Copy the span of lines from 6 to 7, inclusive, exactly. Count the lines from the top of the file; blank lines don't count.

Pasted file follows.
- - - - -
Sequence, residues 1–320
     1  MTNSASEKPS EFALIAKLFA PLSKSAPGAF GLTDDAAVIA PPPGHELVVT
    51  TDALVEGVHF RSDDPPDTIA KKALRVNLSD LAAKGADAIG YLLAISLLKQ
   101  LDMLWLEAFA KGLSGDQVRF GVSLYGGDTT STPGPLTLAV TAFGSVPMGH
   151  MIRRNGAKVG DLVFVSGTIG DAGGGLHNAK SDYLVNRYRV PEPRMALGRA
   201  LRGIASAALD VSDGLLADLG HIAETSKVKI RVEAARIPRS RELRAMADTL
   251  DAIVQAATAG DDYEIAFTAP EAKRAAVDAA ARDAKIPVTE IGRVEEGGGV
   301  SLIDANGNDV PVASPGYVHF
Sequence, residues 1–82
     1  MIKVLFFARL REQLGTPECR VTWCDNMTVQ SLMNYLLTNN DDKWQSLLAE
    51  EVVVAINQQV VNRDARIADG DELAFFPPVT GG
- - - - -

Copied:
   201  LRGIASAALD VSDGLLADLG HIAETSKVKI RVEAARIPRS RELRAMADTL
   251  DAIVQAATAG DDYEIAFTAP EAKRAAVDAA ARDAKIPVTE IGRVEEGGGV